I guess the answer is “i r o n y”: Last week a Bromium field employee searched for “polymorphic” on dictionary.com and was treated to a gloriously literal definition: The site dropped a banking Trojan!
Although the user was unaware of the attack and continued working, vSentry automatically isolated the attack, erased the malware and alerted Bromium HQ. The report provided, in real-time, a detailed forensic trace of the malware as it executed, together with an encrypted manifest containing the malware itself. This allowed the Bromium Labs team to immediately see what had happened. The LAVA trace is shown below, as it “popped”:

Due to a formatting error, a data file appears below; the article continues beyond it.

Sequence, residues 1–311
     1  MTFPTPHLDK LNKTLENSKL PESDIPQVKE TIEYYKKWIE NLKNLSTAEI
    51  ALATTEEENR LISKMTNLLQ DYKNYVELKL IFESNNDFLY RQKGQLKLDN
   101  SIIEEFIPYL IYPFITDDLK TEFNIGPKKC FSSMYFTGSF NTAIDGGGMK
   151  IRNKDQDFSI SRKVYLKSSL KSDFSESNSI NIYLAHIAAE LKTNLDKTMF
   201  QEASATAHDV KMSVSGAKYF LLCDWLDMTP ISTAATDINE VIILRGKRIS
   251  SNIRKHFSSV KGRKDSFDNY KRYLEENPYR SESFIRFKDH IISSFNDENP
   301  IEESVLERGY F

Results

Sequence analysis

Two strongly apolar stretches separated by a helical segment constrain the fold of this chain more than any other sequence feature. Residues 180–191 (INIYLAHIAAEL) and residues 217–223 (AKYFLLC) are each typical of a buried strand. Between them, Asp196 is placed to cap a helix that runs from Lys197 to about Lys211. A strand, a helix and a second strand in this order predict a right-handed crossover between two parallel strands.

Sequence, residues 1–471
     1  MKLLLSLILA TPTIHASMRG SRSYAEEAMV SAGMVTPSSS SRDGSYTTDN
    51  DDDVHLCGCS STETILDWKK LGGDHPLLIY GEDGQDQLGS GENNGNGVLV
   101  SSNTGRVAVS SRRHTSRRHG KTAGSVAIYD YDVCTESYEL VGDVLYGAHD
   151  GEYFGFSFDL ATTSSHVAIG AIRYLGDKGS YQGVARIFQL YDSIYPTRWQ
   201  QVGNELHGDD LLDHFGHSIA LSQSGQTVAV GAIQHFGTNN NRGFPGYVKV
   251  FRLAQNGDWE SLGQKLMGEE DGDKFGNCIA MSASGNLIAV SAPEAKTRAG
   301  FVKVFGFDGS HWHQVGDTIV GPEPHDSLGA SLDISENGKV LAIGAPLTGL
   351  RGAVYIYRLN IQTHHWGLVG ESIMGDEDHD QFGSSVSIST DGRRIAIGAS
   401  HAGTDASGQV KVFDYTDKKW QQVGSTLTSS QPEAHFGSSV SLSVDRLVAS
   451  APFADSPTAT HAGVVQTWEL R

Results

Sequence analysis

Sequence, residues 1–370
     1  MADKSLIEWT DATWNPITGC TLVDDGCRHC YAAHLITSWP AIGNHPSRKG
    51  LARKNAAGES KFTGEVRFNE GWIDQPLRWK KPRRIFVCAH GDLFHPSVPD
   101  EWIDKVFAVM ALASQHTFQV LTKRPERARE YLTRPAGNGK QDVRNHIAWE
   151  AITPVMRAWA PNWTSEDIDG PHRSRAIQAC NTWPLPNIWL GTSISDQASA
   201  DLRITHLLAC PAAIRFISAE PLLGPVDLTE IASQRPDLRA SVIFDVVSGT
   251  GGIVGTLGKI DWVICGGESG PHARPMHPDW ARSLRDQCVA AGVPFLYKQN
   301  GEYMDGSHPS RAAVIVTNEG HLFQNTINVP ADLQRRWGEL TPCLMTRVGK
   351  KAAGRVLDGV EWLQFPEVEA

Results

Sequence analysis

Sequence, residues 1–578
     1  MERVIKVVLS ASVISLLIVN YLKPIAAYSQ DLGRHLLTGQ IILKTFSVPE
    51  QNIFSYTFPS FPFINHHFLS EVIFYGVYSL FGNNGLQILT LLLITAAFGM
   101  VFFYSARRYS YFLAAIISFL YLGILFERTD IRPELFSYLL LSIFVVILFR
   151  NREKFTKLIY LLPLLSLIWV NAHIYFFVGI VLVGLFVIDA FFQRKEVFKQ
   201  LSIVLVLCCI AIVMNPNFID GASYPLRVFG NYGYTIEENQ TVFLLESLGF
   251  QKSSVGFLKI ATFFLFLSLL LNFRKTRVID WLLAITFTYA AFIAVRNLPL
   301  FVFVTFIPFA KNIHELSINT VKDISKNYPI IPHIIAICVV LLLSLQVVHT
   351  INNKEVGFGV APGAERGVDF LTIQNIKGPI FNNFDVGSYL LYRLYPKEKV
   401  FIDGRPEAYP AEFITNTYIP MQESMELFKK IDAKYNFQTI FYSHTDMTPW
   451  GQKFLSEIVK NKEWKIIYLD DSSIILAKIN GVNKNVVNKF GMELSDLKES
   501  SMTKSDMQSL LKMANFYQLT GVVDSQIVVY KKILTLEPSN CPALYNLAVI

The attack is incredibly noisy – reaching out to scores of C&C sites and DNS servers. If we turn off visualization of the network traffic and use the tools in LAVA to identify malicious activity, we can immediately zoom in on the crux of the attack, which is pictured below. The site invokes Java, injects shellcode, and downloads, drops and executes OBPUPDAT.EXE, whose MD5 hash is shown on the screenshot. The attack also modifies 35 Registry settings to persist, sets a new browser proxy, and starts a process to capture keystrokes.
The attack is a variation on previously delivered banking trojans. OBPUPDAT.EXE steals user account details and other information delivered to the browser, and captures user passwords. It can also download malicious software and allow remote access to the compromised device.
The attack was delivered by dictionary.com on July 7th. The first AV vendor fix emerged on July 9th, but we don’t know how long the attack existed in the wild. Virustotal has vendor signatures and analysis.